Buy the Higher Low and Sell the Lower High

DailyFX

Article Summary: Trading in the direction of the trend and buying low while selling high are mutually exclusive. Because we recommend you locate the direction of the trend and find a good entry, DailyFX has a new concept for you to consider. Buy the higher low and sell the lower high. This article will provide you with methods to do just that to prevent you from catching a falling knife.

If you’ve ever heard a trader say that price can’t possibly go any lower, chances are they haven’t been trading for long. That’s not meant to be harsh but simply to say, no trader knows the future. What traders can do is recognize that patterns tend to play out and repeat over and over again which can lead to higher probability entries.

Learn Forex: Buy Low & Sell High Is Cute But Ineffective

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(Created using FXCM’s Marketscope 2.0 charts)

One of the principles of every trader who enters an order, whether long or short is that they believe they’ve entered at a good price in relation to where they expect the market to go. One trader will be right and the other will be wrong if they entered at the same price with similar stops and limits. While there is no guarantee which trader will be profitable and which won’t, there are some things we can do to put the odds in our favor.

Learn Forex: Buy the Higher Low with Bullish Trend Lines or Rising Channels

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(Created using FXCM’s Marketscope 2.0 charts)

Learn Forex: Sell the Lower High with Bearish Trend Lines or Falling Channels

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(Created using FXCM’s Marketscope 2.0 charts)

Methods to Help Prevent Buying a Low Before It Goes Lower

As stated at the beginning of the article, there is no crystal ball or Holy Grail. However, there are methods that you can use to stay on the likely right side of the big moves. The three methods we’re going to look at are pivot lines to identify support and resistance, RSI to understand directional strength, and trendlines or directional channels.

The purpose of these three methods is to help you avoid buying something that’s falling. On the other hand, selling something just because it’s rising can become a fool’s game as well. That’s why studying price action can give a big leg over investors or traders who feel price “can’t go any lower”, which has been the rallying cry of many losing trades.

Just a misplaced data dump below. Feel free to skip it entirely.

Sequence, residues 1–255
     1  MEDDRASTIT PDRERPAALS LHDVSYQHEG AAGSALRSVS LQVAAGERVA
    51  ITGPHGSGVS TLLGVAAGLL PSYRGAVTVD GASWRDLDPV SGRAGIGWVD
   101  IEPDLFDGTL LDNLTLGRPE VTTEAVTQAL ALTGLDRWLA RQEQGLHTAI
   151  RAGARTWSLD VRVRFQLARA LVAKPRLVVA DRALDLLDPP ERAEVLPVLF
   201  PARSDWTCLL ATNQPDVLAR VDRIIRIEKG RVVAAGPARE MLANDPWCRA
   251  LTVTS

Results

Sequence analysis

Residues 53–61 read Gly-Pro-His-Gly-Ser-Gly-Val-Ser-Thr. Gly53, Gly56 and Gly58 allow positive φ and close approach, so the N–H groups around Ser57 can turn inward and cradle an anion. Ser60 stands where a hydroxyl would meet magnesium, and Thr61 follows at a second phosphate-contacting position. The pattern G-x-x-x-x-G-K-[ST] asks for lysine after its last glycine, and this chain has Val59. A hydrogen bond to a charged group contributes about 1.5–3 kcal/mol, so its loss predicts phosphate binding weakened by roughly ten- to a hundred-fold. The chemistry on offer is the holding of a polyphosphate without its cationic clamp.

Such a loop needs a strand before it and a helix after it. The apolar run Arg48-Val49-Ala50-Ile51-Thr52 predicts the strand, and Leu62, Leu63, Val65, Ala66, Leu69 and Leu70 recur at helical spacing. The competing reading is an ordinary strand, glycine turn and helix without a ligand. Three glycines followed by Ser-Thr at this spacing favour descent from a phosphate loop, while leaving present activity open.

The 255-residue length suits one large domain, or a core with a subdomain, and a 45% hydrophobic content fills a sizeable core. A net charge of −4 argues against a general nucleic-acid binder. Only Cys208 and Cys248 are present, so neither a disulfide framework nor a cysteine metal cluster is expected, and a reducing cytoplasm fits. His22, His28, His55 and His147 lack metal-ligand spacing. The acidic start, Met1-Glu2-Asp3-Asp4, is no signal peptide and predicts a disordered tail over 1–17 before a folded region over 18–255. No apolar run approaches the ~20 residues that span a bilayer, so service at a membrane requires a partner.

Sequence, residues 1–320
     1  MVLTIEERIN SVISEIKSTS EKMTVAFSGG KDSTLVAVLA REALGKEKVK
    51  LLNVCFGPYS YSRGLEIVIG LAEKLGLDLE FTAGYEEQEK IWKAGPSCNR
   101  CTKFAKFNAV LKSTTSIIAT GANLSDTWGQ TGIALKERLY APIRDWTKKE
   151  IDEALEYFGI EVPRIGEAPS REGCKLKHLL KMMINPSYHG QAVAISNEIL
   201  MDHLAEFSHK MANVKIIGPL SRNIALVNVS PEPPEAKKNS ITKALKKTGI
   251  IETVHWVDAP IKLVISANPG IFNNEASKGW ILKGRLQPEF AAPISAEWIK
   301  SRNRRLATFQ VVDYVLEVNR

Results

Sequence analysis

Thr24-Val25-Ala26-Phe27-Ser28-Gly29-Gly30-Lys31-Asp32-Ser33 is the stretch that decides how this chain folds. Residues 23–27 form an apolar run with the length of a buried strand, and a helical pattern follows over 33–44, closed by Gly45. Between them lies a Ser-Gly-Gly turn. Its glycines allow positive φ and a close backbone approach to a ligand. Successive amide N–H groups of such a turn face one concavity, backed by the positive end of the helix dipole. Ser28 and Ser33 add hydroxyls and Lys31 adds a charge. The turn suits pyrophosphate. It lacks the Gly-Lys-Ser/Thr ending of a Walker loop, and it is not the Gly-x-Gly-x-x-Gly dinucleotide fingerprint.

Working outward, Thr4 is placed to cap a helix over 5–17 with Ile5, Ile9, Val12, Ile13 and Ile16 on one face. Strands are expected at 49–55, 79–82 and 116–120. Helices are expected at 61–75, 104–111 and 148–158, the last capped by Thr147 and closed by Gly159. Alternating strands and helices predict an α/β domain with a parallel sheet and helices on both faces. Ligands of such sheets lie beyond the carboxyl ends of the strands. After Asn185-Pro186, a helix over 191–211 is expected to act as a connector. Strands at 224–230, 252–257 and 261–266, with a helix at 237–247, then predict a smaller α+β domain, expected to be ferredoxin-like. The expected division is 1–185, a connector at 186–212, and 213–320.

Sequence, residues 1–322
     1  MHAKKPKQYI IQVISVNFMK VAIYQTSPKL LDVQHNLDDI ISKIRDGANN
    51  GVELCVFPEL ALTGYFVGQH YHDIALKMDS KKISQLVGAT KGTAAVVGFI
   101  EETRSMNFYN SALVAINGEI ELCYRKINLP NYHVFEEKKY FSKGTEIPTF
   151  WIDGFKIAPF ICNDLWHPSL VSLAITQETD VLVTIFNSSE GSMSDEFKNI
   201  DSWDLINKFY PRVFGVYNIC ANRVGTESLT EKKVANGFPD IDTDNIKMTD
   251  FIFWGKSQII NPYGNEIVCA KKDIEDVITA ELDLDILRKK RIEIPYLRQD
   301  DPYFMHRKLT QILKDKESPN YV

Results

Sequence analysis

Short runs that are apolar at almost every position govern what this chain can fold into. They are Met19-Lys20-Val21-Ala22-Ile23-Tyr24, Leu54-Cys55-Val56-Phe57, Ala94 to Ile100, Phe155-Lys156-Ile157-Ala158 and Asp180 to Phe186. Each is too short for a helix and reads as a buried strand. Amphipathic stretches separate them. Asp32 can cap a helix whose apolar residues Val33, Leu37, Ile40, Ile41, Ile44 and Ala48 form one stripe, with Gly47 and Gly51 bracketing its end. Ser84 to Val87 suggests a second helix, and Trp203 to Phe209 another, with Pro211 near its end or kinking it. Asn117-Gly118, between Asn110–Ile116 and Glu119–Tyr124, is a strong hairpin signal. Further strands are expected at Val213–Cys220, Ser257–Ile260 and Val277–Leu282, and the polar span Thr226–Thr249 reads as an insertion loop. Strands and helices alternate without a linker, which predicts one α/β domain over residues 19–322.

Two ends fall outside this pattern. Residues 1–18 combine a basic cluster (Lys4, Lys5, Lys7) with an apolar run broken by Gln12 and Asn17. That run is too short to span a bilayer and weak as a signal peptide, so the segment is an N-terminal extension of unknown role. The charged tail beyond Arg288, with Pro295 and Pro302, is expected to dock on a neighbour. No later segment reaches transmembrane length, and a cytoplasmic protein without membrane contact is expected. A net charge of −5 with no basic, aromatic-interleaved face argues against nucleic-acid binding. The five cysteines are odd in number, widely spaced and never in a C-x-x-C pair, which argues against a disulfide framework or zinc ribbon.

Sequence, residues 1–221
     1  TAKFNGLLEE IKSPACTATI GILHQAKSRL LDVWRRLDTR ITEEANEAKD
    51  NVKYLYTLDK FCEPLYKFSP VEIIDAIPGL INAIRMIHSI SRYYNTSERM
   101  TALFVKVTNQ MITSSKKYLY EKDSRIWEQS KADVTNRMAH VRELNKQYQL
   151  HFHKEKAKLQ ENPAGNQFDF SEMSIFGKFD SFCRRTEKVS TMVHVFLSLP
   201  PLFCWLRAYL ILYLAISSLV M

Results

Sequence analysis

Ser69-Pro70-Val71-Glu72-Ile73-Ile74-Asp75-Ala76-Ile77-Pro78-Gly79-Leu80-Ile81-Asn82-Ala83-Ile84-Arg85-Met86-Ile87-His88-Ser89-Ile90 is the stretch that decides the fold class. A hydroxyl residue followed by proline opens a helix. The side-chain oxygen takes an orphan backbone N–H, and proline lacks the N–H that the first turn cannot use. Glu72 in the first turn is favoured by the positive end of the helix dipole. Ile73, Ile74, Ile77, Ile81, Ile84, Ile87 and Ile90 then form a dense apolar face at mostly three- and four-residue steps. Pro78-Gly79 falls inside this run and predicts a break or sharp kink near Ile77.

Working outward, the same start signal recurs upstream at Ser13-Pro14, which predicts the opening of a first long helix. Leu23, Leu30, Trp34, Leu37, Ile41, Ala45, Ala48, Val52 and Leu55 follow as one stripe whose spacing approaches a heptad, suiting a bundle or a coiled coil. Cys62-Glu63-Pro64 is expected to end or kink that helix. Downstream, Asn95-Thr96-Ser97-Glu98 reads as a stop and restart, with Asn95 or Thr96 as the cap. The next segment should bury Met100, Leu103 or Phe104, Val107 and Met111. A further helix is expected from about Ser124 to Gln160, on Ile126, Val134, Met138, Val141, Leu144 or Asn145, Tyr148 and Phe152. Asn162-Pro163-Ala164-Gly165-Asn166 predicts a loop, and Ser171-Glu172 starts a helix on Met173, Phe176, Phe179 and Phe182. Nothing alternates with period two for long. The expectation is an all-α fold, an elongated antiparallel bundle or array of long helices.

Pivot Linesfor Support & Resistance

Pivot Lines are a leading indicator of sort. In short, Pivot Lines are a famous indicator to help you forecast likely future points of resistance and support to limit risk and find profit targets. Rising Pivot levels overtime can help you find a significant higher low to enter a buy trade or lower high to enter a sell trade on.

Learn Forex: Pivots Clearly Paint Dynamic Levels of Rising Support for Entries Zones

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(Created using FXCM’s Marketscope 2.0 charts)

Knowing that the Holy Grail doesn’t exist, Pivots are a helpful way to get a feel for the directional bias. Combining pivots lines with candlestick analysis is a preferred method of many traders to find strong entries with the trend. A short cut for new traders looking at price action is to fade long wicks (highlighted above) against the trend as they likely are a rejection of a price test and often end up carrying back price in the direction of the trend.

Relative Strength Index (RSI) for Directional Strength

The Relative Strength Index is the utility knife of many traders. When the RSI crosses an extreme level and is making directional moves higher or lower, traders can look for strong entries that favor the RSI bias. One simple way to find a directional bias on RSI is to add a moving average or trendline to the RSI and find bounces off support or breakouts of the RSI for a high probability entry.

Learn Forex: RSI with Moving Average Added For Directional Bias

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(Created using Trading Central’s Charts available on DailyFX Plus’ Technical Analyzer. Free Trial Below)

Rising or Falling Trendlines or Channels

Trendlines and channels are nice and simple. The value of a trendline or channel is increased every time it is tested. When markets are moving higher a trendline is a form of support that can be used to identify buying opportunities. When markets are moving lower, a trendline is a form of resistance that can be used to identify selling opportunities.

The purpose of this article is to help you understand that buying low and selling high is not a given trading system. You may be buying something that’s about to go a lot lower or selling something before it skyrockets. Because price is the ultimate indicator, trendlines or channels can help you pinpoint a higher probability entry as opposed to a cheap entry which could end up costing you a lot if it continues to move against you.

Learn Forex: There Is No Guarantee you’ll get the Lower High You Want

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(Created using FXCM’s Marketscope 2.0 charts)

Closing Thoughts

Finding a directional bias through the methods above can help you pinpoint entries. There is nothing wrong with buying a low or selling a high as long as it’s in the direction of the prevailing trend. Trading against the prevailing trend is often more trouble than it’s worth so we recommend identifying the trend and then entering on opportunities with the trend.

Happy Trading!

---Written by Tyler Yell, Trading Instructor

To contact Tyler, email tyell@fxcm.com.

To be added to Tyler’s e-mail distribution list, please click here.

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